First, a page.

Winter TV Preview: 'Smash' |


Winter TV Preview: 'Smash'

The show that everybody wanted to love -- and everybody loved to hate -- is back. And guess what? IT'S GOOD. EW had an exclusive backstage pass to the making and remaking of ''SMASH'' 2.0.

Premieres: February 5, 9PM, NBC

Jennifer Hudson is having déjà vu on the Brooklyn set of Smash. The actress, who is appearing in the second season of the theater drama, has been spending this July morning shaking and shimmying on stage as Veronica Moore, a Tony-winning Broadway diva starring in a 1960s-set musical called Beautiful, about the first African-American supermodel. Decked out in a glitzy gold gown, Hudson belts the tune ”Take a Picture … It Lasts Longer” as dancing paparazzi swirl around her. The lavish production number could easily be mistaken for a big-budget Oscar-bait movie musical. Enthuses Hudson, ”This is such a Dreamgirls moment!” Unfortunately, viewers will probably never get to share in Hudson’s proud moment.

Three months later the Oscar winner is back filming a new opening performance for her character. ”Take a Picture…” has been cut and replaced with a jazzy swing number, ”Mama Makes Three.” Beautiful is now about an Etta James-style singer in the 1960s, not a supermodel. ”We all realized that maybe that [original] introductory number did not service Veronica Moore’s arc as well as this,” says new executive producer Joshua Safran, who adds that the original scene may still pop up in a future episode. ”We went back and retrofitted a musical that closely mirrored Ronnie’s emotional landscape with her mother.”

These days changes are as inevitable as stray sequins on the set of Smash. Expensive production numbers scrapped. Actors let go. Wardrobes overhauled. The ambitious NBC drama is undergoing the most involved reboot of the TV season, and no change is too big or too small when it comes to molding Smash into the blockbuster that NBC and the show’s phalanx of producers hope it can be. Admits exec producer Neil Meron, ”We want the ratings to go up. We want the continued critical acceptance. We want the music to be out there and be popular. We want it all. With a show like Smash, we should have it all.”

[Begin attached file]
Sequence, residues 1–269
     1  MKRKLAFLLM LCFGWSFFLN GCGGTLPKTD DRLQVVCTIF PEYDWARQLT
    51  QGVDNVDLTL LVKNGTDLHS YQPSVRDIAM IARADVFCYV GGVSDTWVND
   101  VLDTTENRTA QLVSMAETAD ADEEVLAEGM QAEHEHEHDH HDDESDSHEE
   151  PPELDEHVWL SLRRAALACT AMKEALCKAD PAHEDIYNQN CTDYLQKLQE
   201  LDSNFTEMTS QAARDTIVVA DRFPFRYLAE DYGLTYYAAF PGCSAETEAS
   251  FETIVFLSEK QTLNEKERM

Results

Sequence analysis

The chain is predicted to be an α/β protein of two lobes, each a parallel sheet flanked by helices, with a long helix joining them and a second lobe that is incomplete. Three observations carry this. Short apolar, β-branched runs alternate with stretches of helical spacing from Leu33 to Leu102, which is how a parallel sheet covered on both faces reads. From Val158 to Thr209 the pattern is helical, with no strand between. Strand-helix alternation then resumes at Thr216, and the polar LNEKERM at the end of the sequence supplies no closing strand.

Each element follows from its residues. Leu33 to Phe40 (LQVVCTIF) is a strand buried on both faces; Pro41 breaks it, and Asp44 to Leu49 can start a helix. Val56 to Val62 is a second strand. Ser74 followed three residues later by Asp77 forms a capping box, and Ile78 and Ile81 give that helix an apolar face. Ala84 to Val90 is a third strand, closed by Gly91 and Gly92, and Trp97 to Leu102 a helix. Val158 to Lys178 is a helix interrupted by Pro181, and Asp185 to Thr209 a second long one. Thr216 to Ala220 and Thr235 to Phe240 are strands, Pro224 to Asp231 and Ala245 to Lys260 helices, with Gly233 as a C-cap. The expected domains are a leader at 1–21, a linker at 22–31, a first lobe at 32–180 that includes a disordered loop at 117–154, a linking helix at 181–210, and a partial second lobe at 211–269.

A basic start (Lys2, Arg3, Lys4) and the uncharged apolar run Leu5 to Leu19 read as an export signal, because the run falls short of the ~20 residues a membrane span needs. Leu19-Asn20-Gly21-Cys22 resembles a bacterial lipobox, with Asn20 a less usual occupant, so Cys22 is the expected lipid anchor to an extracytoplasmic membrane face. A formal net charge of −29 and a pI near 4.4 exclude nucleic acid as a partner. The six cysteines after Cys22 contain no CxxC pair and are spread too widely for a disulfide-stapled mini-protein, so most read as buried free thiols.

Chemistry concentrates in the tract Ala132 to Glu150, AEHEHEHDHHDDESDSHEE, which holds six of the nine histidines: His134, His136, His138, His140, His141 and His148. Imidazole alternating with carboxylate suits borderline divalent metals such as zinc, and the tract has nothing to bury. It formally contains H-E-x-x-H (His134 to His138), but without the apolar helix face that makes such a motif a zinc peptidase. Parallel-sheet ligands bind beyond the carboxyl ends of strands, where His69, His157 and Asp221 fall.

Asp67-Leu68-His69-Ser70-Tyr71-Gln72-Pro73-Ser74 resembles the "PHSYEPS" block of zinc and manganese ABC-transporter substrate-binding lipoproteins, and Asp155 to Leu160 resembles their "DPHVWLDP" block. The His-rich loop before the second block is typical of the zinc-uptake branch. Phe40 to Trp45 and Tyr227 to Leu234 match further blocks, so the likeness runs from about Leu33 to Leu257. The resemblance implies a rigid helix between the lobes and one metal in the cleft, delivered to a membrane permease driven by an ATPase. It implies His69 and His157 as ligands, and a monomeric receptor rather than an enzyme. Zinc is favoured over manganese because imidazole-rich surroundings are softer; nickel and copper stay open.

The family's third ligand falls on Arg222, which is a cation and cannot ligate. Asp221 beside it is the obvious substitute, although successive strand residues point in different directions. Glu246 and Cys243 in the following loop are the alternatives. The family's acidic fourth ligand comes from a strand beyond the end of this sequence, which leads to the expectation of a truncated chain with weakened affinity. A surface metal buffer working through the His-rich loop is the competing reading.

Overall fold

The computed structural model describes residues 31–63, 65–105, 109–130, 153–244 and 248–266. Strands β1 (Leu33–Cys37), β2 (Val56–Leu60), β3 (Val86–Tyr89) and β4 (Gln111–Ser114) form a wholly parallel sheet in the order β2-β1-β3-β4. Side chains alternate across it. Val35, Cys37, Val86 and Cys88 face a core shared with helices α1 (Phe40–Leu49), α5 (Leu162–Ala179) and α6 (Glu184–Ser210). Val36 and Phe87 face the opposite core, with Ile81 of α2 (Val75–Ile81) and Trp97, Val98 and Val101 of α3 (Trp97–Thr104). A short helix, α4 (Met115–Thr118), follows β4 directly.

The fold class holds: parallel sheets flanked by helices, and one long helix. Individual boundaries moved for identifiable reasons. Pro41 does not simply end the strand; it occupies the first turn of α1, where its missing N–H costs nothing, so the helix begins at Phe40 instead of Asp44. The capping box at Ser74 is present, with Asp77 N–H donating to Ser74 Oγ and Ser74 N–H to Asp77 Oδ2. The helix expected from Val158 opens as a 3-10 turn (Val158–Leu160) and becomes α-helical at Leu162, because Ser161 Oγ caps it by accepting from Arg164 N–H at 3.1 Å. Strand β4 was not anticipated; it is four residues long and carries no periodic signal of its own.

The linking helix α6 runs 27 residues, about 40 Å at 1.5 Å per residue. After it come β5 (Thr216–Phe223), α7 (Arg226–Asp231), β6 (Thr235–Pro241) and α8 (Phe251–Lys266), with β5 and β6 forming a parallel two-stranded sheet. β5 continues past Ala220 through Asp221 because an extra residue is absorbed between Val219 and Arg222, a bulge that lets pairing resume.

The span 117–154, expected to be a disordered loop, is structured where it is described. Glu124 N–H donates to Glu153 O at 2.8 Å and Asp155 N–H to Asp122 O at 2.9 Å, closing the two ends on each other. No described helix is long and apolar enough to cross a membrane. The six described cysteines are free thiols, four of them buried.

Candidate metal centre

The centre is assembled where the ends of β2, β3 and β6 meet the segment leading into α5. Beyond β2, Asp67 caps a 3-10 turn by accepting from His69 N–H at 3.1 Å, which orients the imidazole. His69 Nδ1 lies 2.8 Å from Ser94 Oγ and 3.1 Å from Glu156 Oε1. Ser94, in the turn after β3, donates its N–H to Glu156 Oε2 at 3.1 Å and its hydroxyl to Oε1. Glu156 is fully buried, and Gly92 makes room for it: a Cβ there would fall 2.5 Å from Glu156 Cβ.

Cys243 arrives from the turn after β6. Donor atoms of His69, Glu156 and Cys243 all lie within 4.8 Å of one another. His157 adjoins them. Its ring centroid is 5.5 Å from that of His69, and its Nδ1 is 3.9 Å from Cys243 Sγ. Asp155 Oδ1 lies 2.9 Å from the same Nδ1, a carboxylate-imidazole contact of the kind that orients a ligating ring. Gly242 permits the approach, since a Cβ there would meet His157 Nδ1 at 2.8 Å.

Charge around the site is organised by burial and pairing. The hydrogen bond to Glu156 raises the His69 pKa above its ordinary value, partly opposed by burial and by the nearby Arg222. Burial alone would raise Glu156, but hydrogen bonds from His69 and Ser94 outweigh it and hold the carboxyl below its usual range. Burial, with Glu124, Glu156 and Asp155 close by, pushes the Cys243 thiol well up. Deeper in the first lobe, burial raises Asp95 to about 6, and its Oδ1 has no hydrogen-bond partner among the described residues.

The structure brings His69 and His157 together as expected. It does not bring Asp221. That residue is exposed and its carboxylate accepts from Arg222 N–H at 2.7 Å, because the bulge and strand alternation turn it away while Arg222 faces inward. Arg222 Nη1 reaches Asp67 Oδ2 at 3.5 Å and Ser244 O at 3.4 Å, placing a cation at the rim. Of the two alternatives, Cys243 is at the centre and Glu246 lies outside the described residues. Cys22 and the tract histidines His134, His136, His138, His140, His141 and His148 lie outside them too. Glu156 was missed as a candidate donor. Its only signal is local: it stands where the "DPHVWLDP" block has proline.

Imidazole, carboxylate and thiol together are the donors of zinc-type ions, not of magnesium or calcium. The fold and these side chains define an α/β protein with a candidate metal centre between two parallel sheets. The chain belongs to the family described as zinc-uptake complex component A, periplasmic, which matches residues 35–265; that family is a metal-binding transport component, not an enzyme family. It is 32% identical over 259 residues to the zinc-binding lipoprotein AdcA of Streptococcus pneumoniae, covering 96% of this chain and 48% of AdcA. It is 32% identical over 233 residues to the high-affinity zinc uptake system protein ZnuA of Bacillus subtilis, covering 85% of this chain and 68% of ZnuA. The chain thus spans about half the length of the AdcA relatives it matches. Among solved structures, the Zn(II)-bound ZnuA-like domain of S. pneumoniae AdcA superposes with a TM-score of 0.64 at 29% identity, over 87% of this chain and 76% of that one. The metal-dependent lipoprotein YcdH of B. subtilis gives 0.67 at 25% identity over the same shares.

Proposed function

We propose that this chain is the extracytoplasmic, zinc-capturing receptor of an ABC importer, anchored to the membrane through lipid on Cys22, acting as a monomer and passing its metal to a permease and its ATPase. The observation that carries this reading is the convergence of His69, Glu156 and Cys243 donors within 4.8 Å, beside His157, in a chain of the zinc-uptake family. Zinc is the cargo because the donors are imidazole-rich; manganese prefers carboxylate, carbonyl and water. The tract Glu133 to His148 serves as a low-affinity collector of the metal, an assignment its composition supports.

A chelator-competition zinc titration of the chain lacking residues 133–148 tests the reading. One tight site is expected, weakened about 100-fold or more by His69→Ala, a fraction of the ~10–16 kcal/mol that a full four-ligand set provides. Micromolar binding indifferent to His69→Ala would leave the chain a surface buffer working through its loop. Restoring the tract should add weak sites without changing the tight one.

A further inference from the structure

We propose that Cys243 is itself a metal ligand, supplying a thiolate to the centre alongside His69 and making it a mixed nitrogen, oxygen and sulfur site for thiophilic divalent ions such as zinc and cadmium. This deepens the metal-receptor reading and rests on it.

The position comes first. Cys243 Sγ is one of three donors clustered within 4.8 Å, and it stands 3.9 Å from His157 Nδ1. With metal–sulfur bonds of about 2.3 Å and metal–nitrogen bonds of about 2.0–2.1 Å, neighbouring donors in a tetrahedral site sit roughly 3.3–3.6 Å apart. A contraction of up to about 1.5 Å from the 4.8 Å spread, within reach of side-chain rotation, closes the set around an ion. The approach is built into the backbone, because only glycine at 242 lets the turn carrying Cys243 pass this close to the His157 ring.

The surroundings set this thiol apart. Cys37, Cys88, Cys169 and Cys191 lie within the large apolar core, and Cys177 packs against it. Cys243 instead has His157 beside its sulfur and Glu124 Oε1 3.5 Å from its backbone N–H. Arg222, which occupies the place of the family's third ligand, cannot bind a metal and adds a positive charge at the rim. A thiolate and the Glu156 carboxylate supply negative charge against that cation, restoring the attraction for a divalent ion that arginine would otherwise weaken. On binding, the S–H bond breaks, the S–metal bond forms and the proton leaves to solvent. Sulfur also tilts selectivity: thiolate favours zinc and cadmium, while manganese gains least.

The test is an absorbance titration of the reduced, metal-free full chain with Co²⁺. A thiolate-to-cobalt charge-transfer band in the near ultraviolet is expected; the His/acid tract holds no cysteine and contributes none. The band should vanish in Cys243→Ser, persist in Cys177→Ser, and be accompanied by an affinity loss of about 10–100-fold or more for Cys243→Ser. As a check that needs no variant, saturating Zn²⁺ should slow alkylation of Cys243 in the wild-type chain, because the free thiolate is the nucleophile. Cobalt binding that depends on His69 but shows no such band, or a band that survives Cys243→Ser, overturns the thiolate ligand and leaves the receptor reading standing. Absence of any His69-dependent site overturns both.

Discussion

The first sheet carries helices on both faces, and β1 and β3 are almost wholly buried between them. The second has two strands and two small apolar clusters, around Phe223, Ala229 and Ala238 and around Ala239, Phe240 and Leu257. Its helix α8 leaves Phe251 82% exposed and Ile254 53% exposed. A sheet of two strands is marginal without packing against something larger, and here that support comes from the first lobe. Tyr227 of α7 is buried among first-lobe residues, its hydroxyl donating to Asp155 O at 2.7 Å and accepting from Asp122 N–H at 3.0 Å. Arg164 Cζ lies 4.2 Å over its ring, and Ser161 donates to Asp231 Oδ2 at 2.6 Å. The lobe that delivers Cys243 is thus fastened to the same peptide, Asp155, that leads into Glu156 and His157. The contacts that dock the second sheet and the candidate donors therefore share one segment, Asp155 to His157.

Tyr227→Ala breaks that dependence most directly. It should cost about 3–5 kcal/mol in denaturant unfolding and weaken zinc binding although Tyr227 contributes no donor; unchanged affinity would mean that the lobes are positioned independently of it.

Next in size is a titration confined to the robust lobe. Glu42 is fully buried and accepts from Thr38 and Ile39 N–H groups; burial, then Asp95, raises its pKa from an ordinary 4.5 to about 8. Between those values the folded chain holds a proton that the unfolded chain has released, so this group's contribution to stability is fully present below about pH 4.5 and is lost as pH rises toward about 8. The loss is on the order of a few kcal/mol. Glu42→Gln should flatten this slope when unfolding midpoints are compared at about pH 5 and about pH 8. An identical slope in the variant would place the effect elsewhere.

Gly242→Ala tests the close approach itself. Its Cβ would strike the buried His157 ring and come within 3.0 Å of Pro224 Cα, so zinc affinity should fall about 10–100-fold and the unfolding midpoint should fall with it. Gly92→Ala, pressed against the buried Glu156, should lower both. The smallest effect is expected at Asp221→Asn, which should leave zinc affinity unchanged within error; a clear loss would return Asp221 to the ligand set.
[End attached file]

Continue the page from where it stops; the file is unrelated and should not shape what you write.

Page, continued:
After a tumultuous first season that made the Two and a Half Men set seem stable in contrast — it culminated in the departure of creator and showrunner Theresa Rebeck, along with several cast members — NBC is attempting to retool the Broadway drama under the guidance of Safran (Gossip Girl). His plan: more star power (Jennifer Hudson! Liza Minnelli!), more ambitious plotting (dueling musicals!), and more original music. Basically, this season could be retitled Smash 2.0: Go Big or Go Home. But lofty goals also mean even greater risks. ”Some things you’ll fail with because being audacious doesn’t always fly,” says NBC Entertainment chairman Bob Greenblatt. ”But I think we have to be audacious or we’re dead.”

A lot of people have a lot of hopes riding on Smash 2.0, first and foremost the show’s 10(!) executive producers, including Hollywood’s biggest director, Steven Spielberg; Meron and Craig Zadan (the Oscar-winning Chicago); and Tony-winning composing team Marc Shaiman and Scott Wittman (Hairspray). This impressive pedigree made Smash the most high-profile premiere of 2012, and the series started strong with a stellar pilot, which followed the team behind a new Marilyn Monroe musical called Bombshell, including the two starlets vying for the lead, Karen (Katharine McPhee) and Ivy (Megan Hilty).

Then something went wrong. Actually, several things: The tone whiplashed from heartfelt drama to camp, the plotting verged on the ludicrous (egad, someone poisoned the leading lady with a nut-spiked kale smoothie!), and episodes took regular detours to Crazytown in the form of musical fantasy sequences, such as Karen hallucinating a Bollywood-style production number while dining at an Indian restaurant. ”People will criticize the Bollywood number, but in all honesty you don’t really know [while you’re filming],” says McPhee. ”You think, ‘Well, on the page this could work.’ There’s a lot of things you think are going to work beautifully, and they don’t.”